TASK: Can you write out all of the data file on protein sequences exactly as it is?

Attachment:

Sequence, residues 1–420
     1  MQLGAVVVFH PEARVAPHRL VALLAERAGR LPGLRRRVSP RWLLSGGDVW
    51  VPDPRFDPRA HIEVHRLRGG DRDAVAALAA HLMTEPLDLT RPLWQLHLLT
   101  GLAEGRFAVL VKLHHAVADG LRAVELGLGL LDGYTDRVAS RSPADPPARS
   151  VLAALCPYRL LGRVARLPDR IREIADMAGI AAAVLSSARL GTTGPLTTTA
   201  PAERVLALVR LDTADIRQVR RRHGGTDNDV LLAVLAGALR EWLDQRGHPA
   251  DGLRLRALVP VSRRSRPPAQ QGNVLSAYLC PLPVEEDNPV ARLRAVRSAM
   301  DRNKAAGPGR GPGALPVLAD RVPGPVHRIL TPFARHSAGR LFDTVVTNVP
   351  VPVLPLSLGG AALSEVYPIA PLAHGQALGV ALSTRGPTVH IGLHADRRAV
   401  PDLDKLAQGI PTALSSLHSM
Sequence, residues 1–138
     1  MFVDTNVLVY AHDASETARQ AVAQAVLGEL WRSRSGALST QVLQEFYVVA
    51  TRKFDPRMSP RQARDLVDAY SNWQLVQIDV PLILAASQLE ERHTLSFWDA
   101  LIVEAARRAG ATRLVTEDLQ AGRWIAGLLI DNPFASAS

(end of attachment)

Sequence, residues 1–420
     1  MQLGAVVVFH PEARVAPHRL VALLAERAGR LPGLRRRVSP RWLLSGGDVW
    51  VPDPRFDPRA HIEVHRLRGG DRDAVAALAA HLMTEPLDLT RPLWQLHLLT
   101  GLAEGRFAVL VKLHHAVADG LRAVELGLGL LDGYTDRVAS RSPADPPARS
   151  VLAALCPYRL LGRVARLPDR IREIADMAGI AAAVLSSARL GTTGPLTTTA
   201  PAERVLALVR LDTADIRQVR RRHGGTDNDV LLAVLAGALR EWLDQRGHPA
   251  DGLRLRALVP VSRRSRPPAQ QGNVLSAYLC PLPVEEDNPV ARLRAVRSAM
   301  DRNKAAGPGR GPGALPVLAD RVPGPVHRIL TPFARHSAGR LFDTVVTNVP
   351  VPVLPLSLGG AALSEVYPIA PLAHGQALGV ALSTRGPTVH IGLHADRRAV
   401  PDLDKLAQGI PTALSSLHSM
Sequence, residues 1–138
     1  MFVDTNVLVY AHDASETARQ AVAQAVLGEL WRSRSGALST QVLQEFYVVA
    51  TRKFDPRMSP RQARDLVDAY SNWQLVQIDV PLILAASQLE ERHTLSFWDA
   101  LIVEAARRAG ATRLVTEDLQ AGRWIAGLLI DNPFASAS